...still working on that flash of light deal...BUT...
After a year and a half on my 1980’s Fuji I’ve decided to upgrade. Deciding on the right bike is my next step. My colleagues at BikeArlington are steering me in the right direction and I have started to look at a few women’s road bikes from Trek and Fuji. There are so many options out there! I know I want to stick with a road bike model but not much more. What pedals do I choose? What gear system do I choose? And what the heck is a Rear Derailleur – I don’t even want to go into my first thoughts of what this was, possibly something with the seat?!? – I kid, I kid. I had some great suggestions after my last post for some electric bikes which are really cool and thank you for the suggestions but I think I will go with the old leg-powered approach – which p.s. ladies; helps with the old dirty C-word – CELLULITE! (yikes, I actually said it!) I will update the blog as soon as I purchase my new bike, because I know everyone is dying to find out...
Morals of the story:
- Do some research, check out the local bike shops, get fitted for the right size bike, and take a few test drives before making a decision. And in true girl fashion, I have to like the colors and match my helmet so there are some decisions to make in that area as well!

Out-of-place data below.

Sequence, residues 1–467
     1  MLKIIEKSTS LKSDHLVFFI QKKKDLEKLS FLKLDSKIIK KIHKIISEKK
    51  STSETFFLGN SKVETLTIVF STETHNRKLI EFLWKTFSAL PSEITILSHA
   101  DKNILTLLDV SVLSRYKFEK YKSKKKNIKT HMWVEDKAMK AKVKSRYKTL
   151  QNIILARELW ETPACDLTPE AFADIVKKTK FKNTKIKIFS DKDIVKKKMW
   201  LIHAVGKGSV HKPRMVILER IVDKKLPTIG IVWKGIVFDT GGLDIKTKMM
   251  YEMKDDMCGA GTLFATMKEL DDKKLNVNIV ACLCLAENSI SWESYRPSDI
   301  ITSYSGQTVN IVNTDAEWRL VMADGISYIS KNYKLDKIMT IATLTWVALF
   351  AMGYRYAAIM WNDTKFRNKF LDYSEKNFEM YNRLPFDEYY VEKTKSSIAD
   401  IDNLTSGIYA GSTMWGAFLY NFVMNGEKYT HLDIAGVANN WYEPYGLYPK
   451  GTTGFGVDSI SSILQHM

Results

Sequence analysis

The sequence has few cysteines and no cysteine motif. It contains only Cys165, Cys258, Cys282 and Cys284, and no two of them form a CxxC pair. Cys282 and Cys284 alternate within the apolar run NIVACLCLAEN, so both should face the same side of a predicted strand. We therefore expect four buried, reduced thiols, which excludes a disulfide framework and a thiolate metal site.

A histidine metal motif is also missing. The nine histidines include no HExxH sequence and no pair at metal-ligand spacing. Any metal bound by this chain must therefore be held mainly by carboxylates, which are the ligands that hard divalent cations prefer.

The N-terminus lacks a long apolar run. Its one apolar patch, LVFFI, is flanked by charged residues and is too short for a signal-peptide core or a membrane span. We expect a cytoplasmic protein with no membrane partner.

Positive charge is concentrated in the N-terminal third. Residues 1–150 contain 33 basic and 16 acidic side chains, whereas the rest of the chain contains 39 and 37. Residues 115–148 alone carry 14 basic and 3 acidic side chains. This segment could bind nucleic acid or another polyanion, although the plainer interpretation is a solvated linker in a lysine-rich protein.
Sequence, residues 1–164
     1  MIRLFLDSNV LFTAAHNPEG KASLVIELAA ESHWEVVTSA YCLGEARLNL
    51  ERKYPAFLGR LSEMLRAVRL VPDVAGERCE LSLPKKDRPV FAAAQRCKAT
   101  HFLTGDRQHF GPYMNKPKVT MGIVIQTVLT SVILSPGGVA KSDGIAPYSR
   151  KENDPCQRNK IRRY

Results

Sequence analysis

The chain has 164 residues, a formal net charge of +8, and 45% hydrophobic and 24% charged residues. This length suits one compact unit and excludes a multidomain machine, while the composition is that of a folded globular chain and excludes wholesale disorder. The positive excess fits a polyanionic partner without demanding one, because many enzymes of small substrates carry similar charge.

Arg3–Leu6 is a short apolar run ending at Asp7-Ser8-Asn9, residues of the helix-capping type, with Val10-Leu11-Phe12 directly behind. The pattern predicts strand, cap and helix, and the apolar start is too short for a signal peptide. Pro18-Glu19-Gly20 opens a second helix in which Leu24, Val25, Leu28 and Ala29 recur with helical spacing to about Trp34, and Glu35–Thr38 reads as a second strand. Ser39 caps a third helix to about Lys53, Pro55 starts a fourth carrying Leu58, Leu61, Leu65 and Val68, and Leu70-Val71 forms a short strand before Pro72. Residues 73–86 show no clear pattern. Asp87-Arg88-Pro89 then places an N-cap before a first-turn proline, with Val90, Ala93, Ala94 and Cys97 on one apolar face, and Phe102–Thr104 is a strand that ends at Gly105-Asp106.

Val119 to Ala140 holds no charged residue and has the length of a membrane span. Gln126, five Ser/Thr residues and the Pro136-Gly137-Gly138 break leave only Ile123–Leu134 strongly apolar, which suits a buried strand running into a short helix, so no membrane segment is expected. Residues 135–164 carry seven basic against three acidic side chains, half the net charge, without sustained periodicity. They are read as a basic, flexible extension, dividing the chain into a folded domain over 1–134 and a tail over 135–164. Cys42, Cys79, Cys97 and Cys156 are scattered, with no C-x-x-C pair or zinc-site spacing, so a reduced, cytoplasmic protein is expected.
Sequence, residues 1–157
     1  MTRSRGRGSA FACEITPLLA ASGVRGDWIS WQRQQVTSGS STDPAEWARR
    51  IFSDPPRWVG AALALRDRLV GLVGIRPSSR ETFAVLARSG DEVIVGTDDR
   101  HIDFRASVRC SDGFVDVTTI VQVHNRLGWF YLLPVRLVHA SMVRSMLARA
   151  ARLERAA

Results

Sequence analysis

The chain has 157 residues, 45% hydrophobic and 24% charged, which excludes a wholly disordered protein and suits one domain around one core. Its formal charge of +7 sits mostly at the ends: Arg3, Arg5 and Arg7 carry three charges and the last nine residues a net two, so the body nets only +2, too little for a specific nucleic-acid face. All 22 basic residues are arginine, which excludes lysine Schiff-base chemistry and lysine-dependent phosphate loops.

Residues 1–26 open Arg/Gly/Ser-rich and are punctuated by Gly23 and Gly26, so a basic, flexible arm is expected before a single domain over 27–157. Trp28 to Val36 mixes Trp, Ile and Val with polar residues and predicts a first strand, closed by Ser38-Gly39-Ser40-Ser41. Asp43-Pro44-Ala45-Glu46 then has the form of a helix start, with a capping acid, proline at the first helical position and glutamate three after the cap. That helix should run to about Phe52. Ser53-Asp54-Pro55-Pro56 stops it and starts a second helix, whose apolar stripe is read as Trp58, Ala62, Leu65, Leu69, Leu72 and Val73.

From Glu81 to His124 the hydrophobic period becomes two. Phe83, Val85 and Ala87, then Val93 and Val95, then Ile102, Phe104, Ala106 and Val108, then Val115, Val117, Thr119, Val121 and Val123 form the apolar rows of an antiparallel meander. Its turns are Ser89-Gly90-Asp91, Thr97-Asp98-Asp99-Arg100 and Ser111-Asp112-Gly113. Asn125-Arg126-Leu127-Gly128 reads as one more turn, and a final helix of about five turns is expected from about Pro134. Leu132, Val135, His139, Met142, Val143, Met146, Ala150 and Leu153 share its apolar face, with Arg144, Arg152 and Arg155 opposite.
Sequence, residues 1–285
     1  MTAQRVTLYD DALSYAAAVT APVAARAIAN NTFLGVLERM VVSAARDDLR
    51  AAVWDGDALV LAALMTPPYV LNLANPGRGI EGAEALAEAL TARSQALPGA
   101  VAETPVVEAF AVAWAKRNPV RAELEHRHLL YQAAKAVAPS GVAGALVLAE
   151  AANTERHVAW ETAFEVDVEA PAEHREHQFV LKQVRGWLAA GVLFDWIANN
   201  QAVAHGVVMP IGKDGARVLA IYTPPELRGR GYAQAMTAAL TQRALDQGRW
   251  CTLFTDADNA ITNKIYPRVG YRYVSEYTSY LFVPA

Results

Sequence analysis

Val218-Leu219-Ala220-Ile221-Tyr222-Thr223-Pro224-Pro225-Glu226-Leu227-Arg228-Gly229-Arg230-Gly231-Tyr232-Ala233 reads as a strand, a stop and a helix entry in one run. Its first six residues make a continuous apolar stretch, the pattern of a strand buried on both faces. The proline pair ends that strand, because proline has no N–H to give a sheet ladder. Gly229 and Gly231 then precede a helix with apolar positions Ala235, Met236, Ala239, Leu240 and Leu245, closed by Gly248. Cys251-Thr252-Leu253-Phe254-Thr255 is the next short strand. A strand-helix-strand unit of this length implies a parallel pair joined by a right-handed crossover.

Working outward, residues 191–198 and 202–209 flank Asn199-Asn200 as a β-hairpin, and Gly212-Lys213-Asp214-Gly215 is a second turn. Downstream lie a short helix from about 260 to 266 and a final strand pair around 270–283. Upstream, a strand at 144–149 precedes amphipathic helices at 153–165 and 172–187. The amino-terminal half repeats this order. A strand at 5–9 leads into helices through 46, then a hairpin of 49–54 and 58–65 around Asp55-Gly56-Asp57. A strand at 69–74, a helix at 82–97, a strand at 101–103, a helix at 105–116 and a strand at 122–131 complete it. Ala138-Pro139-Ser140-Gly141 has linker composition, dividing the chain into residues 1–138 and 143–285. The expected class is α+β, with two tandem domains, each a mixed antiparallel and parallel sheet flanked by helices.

- I’m hoping one of the bike shops picks up on this blog and sponsors my next purchase – I am willing to wear whatever promotional item you give me on my daily commute for a discount on a bike! – shameless plugs, I’ve never been scared of them. In all seriousness though our region has amazing bike shops with incredibly helpful staff; visit Revolution, Conte’s, Performance Bikes, or any one of the others to begin your decision process!
- Outfit the bike with safety! - lights, reflectors, horns, bells, possibly add some pegs to the back wheel and have you friend be your personal sound machine, whatever it takes to safely navigate the region’s trails and streets.
- Rear Derailleur (wikipedia definition) - variable-ratio transmission system commonly used on bicycles, consisting of a chain, multiple sprockets of different sizes, and a mechanism to move the chain from one sprocket to another. Although referred to as gears in the bike world, these bicycle gears are technically sprockets since they drive or are driven by a chain, and are not driven by one another. Absolutely nothing to do with the seat!
Another attempt to be funny, educate people and get more people out there biking! Who’s in for the inaugural ride of whichever bike I choose?
Cheryl O'Connor works for Arlington Transportation Partners, she is the Program Manager for the Residential, Visitor, and Site Plan Development Services. If you have any questions about the above information, please contact her at (703) 247-9295 or shoot her an email at [email protected].